February 19, 2009 – St Mirren Park, Paisley
I suppose I witnessed a wee bit of history tonight after watching St Mirren win for the first time ever in their brand new ground, which is sited a short walk from their ‘traditional’ Love Street home.
Love Street was Saints home ground for 114 years, I think, although I was never a fan.
Granted, I missed out its better days, only making it there after it was well into its patchwork conversion to all seater.
On my last couple of visits, during the 1999-2000 season in which Saints won the First Division, visiting fans were stuck into the unfeasible steep West Stand, a concrete and steel monolith in comparison to the rest of the ground.
Given the small numbers I was part of, you tended to feel rather adrift in the sea of empty red, white and black seats, never a good thing for creating that fuzzy matchday feeling even when your team is winning.
I remember the last game because the surprise 2-0 win gave Livingston a wee lifeline in the race for promotion and it was the occasion of Lee Richardson’s debut and one and only decent performance for the club.
I digress, but the point I am trying to make is that I didn’t ever feel very ‘amorous’ when it came to Love Street.
Approaching Paisley for tonight’s game I didn’t have high hopes for St Mirren Park. From the TV coverage I’d seen of the opening game against Kilmarnock it really just appeared to be another bog standard, Meccano new build.
That negative vibe was balanced by the fact that the game itself had every chance of being decent, with the carrot of a lucrative and possibly winnable home game against Celtic available to both sides.
It was a Sky game too, so there was always the hope that the respective sets of players would lift their game a bit.
I am not sure how it would have looked in the armchair environment, but I enjoyed the game.
Although nominally a neutral, I bought a ticket for the home end, getting a good seat just behind the goals in the South Stand, and put a foot in the St Mirren camp for the evening.
In fairness to them, I thought they were the better side over the piece and just about deserved to win through thanks to a well worked 85th minute goal from Billy Mehmet, the only one of the game.
Motherwell had spells, but they didn’t offer an awful lot in attack, which may or may not have had something to do with the recent loss of their best striker Chris Porter.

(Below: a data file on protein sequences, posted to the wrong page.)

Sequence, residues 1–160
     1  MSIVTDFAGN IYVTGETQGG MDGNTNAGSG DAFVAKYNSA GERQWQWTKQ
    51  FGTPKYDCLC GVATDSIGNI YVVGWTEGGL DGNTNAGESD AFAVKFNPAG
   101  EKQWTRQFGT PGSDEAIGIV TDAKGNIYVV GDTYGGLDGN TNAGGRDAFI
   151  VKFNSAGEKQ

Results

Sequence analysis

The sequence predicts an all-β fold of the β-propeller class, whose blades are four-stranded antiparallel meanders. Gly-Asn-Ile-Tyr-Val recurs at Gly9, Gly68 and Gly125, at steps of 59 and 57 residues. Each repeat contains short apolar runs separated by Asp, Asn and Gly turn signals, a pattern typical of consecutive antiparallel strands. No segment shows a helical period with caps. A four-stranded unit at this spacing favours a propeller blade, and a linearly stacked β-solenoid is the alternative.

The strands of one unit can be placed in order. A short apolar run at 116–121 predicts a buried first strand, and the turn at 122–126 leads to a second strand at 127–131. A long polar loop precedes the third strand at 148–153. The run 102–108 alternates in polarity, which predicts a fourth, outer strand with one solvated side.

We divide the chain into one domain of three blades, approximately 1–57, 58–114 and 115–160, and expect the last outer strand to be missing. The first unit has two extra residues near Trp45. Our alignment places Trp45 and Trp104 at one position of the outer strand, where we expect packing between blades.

Both sides tried to play passing football, which was only right on a pitch which looked more like a bowling green, and although it game wasn’t without it’s fair share of errors, it served up enough action to keep me interested through to Mehmet’s dramatic winner and the full time whistle which followed shortly afterwards.
Indeed, I wouldn’t have been too unhappy if it had gone into extra time – something I had predicted might happen from the word go.
My appraisal of St Mirren Park, or Greenhill Road as it may commonly become known, is, like the match, relatively positive.
To an extent it is every inch the typical new build that I expected. Three of the stands are the rather spartan low spec type you can see in various stadia up and down the country while the fourth – the imaginatively titled Main Stand – benefits from the obligatory corporate hospitality areas.
In reminded me most of New Broomfield, at least on the three ‘basic’ stands, although Airdrie’s home benefits from a much bigger and higher spec fourth stand.
Inside the South Stand where I was, there were toilet and (expensive) catering facilties contained within the concourse underneath and not a lot else.
The positives for me were the generous legroom, something you don’t always get at new stadia, but primarily the atmosphere which I thought was better than most.
St Mirren Park is definitely helped by the fact that it has seats on all four sides and that every seat has a very close proximity to the pitch.
For those reasons alone it knocks spots off the Falkirk Stadium and New Douglas Park to name two.
The crowd tonight was given officially as 4555 with nearly 1200 travelling from Motherwell. If that is the correct figure (I guessed nearer 5500), then it was still enough to create a reasonable buzz.
Already, the more vocal Saints fans seem to have congregrated in the stand opposite the main one and they gave their side decent vocal backing from time to time. For North Bank now read West Stand, albeit on a smaller scale.
That the game was a tense, meaningful cup tie played under lights might have helped the atmosphere along too, but the St Mirren support seem to be embracing their new surroundings.
Whether the buzz I experienced continues into the deathly dull arse end of the SPL season is another thing entirely, but the fact that the Saints fans appear to be making an concerted effort to make the place their own was good to see.
Scoring – 1-0 Mehmet (85)
Attendance – 4555
Admission – £15
Programme – £3
Ground – 7/10. Shiny and new but with a decent atmosphere
Game – 7/10. Competitively contested cup tie
Overall experience – 7/10. Well worth the journey.
Match Report Links
Paisley Daily Express
Motherwell FC Official Website